Canada and U.S. benefit from highly skilled workforces that can compete globally

Innovation Minister celebrates free flow of knowledge and skills on both sides of the border

DENVER, CO, May 12, 2017 /CNW/ - Canada and the United States have built one of the most enduring, integrated and mutually beneficial economic relationships in the world—one that leads to shared prosperity and better living standards for the middle class in both countries.

Behind every North American innovation are the skills and creativity of people from both sides of the border. That includes the highly skilled Americans and Canadians who grow our food, build our cars, and turn new technologies into products and services that are sold around the world. Both countries benefit from having a highly skilled workforce that can compete globally based on advanced and specialized skills.

That was the message delivered by the Honourable Navdeep Bains, Minister of Innovation, Science and Economic Development, at the Western Pathways Conference, a gathering of U.S. business, government and education leaders. The conference focused on ways to prepare young adults for the jobs of the future.

As part of the Innovation and Skills Plan set out in Budget 2017, the Government of Canada is making targeted investments to ensure that skills training starts early and continues throughout the careers of Canadians. These investments include:

  • $50 million over two years to support learning opportunities in computer coding and digital skills for school-aged children;
  • $221 million over five years to create 10,000 work-integrated learning placements that help university and college students enter the workforce; and
  • support enabling mid-career workers who want to pursue post-secondary education to more easily qualify for student loans and grants.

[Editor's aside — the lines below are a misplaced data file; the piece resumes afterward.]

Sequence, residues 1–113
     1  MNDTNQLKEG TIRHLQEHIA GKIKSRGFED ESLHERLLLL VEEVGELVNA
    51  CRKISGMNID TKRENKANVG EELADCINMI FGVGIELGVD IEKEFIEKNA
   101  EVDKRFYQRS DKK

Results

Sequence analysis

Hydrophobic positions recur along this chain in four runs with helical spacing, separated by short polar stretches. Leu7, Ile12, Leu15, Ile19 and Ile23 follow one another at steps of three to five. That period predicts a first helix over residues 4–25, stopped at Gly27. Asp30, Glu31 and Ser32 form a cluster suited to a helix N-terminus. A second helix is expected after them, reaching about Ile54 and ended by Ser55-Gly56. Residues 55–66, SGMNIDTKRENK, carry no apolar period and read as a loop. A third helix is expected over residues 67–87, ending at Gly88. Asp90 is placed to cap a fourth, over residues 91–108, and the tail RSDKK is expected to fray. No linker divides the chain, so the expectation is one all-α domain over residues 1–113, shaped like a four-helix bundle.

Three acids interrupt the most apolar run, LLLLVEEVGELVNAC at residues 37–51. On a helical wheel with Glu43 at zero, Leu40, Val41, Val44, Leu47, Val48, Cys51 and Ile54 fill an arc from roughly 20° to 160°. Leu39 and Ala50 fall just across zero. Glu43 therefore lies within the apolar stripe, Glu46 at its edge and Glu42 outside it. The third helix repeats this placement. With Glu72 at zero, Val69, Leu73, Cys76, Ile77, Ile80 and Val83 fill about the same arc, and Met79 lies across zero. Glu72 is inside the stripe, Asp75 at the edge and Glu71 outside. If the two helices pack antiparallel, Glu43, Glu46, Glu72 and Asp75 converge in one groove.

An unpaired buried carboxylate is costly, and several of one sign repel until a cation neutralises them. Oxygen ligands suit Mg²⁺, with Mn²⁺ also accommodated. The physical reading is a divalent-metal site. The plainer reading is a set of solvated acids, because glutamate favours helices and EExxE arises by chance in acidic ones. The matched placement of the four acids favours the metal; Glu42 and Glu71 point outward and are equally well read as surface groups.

Quote

"Canada is making targeted investments to prepare our people for the jobs of today and tomorrow. Our country benefits from having a highly skilled workforce that can compete based on advanced and specialized skills. But the United States benefits from these investments as well. The free flow of knowledge and skills between our two countries makes our workforce globally competitive. It allows us to develop high-value products and services that are exported to the rest of the world."
– The Honourable Navdeep Bains, Minister of Innovation, Science and Economic Development

Quick facts

  • Trade between the U.S. and Canada reached nearly $700 billion in 2015. That represents $2 billion of goods and services crossing the border daily.
  • Nearly 9 million American jobs depend on trade and investment with Canada.
  • Many U.S. states count Canada as their top trading partner.

 

Follow Minister Bains on Twitter: @MinisterISED

 

SOURCE Innovation, Science and Economic Development Canada

For further information: Karl W. Sasseville, Press Secretary, Office of the Minister of Innovation, Science and Economic Development, 343-291-2500; Media Relations, Innovation, Science and Economic Development Canada, 343-291-1777, ic.mediarelations-mediasrelations.ic@canada.ca

RELATED LINKS
http://www.ic.gc.ca/eic/site/icgc.nsf/eng/home

Custom Packages

Browse our custom packages or build your own to meet your unique communications needs.

Start today.

CNW Membership

Fill out a CNW membership form or contact us at 1 (877) 269-7890

Learn about CNW services

Request more information about CNW products and services or call us at 1 (877) 269-7890